Seek Beauty In Your Broken Pieces

The average student frets earning an “F” on a school project, a weekly quiz, a unit test, or worse, failing a class. In my late teens, several times, I failed a required written test for Rickles. Rickles was an 80’s version of Home Depot. After a week or two of training, I could handle the register with ease, however, at the site of the exam, my heart raced like I had completed the 100-yard dash. Although I knew the content, I repeatedly froze and performed poorly on the exam. To get the job, I needed to pass the test.

A crack. A break. A defect. Imperfection. Busted. Broken. Early in life, we are positioned to see what is wrong and to prevent failure. When coloring with crayons, we are encouraged to stay inside the lines. When learning to ride a bicycle, we’re instructed to place both hands on the handlebars, so we don’t fall. Don’t run too fast, or you will fall. In elementary school, I remember easily crumbling a half-dozen loose-leaf notebook paper because I’d made a mistake and couldn’t completely erase my error. To get the job, I needed to pass the test.

I legitimately did my best. But my best wasn’t good enough nor was it meant to be. My mother saw my failure as a significant blemish on my young work record and a potential hurdle to future achievements. I was chastised as though my failure was intentional. I was laughed at. Inside I felt like a failure and questioned my intelligence. On the outside, I masked my shame and humiliation with laughter. I didn’t know that I would fail. Naivety convinced me that effort would always prevail.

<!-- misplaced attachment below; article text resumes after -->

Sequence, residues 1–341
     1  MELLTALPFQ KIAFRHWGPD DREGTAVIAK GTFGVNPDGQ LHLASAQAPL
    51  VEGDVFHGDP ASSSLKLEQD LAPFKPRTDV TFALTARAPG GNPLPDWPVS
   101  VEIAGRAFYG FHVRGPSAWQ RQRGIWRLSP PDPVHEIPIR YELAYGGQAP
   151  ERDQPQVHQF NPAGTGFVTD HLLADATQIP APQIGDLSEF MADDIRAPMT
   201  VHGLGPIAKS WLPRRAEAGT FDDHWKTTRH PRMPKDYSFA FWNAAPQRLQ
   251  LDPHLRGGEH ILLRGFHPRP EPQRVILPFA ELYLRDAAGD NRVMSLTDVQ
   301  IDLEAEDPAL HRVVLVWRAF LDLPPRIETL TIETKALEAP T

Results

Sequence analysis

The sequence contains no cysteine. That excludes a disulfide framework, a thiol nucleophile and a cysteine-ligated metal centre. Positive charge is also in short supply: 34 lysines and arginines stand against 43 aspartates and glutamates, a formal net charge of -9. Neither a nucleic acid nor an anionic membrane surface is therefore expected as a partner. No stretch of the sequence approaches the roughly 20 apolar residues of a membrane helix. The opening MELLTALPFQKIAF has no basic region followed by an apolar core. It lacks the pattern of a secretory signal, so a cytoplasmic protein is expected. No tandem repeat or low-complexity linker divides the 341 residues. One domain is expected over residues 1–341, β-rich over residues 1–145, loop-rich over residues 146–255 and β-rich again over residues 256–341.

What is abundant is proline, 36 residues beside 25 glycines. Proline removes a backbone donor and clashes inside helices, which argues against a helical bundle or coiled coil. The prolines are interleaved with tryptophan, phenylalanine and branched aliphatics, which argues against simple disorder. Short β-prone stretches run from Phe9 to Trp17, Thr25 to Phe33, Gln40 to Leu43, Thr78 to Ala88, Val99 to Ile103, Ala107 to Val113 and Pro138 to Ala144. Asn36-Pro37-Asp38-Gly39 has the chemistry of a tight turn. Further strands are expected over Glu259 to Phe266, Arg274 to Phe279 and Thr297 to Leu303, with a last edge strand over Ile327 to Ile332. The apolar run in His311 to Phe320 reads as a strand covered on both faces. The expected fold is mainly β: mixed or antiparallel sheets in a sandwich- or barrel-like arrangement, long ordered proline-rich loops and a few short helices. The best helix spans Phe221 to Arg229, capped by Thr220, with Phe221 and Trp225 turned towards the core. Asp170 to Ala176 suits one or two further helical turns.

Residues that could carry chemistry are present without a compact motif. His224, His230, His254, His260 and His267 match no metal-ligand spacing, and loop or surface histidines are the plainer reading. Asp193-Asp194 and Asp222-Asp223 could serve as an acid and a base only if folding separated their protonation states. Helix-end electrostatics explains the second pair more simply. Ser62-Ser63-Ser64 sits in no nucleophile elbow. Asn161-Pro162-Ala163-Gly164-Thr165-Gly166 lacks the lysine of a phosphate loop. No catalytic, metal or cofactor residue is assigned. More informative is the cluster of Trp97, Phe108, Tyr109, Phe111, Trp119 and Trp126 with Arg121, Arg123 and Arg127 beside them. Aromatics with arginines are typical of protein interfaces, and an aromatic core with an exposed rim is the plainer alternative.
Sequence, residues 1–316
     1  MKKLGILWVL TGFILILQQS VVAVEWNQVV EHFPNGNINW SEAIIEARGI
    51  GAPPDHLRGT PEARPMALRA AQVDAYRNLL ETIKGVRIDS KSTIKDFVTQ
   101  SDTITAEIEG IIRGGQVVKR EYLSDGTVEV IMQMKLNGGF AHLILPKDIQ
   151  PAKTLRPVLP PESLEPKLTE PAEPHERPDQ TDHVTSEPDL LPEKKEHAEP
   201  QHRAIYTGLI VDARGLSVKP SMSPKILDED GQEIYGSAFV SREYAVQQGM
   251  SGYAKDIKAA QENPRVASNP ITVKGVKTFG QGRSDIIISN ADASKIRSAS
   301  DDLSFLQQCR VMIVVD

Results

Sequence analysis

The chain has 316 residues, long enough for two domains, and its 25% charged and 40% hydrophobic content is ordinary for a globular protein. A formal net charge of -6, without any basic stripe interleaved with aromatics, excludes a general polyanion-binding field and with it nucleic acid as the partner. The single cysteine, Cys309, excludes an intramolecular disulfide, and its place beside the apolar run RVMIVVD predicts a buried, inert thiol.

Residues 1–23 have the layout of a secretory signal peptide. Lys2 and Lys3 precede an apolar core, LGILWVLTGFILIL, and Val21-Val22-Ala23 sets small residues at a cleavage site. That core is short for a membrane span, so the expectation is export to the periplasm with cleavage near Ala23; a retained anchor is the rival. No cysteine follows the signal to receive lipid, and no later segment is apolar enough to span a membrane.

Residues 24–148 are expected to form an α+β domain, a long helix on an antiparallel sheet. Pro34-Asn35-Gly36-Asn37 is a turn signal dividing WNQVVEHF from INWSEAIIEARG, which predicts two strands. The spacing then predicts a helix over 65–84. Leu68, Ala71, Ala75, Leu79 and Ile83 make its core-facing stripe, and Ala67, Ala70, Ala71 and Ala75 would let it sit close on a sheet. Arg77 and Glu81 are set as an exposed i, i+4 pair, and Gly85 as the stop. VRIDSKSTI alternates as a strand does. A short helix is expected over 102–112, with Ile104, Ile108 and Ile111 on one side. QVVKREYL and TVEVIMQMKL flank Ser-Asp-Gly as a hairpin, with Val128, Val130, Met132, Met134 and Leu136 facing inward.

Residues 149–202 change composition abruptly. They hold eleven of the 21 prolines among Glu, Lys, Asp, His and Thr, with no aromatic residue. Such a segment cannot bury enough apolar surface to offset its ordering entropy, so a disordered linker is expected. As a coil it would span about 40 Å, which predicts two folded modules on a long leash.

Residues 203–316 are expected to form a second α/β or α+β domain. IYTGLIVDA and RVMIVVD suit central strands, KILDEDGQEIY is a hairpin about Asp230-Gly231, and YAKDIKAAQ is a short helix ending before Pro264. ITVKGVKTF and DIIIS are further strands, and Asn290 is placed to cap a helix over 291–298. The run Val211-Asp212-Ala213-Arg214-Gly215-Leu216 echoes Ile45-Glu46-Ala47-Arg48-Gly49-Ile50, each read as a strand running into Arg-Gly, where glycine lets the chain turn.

Looking back on my experience, I am confident that failing Rickel’s exam was the best thing for me. The failure was painful, but it changed the course of my life. My little hiccup temporarily derailed my confidence. I let it go and moved on. I discovered grit and tenacity. I grew stronger. 

I wish I knew about The Wisdom of KINTSUKUROI

Kintsukuroi is a Japanese word meaning, “to repair with gold.”

Kintsukuroi is a Japanese art that meticulously mends broken ceramics with gold. The repairs are made by hand using urushi lacquer, and the seam is highlighted with gold or other metals. The technique is designed to enhance the beauty of the flaws and is said to be made even more beautiful than it was originally.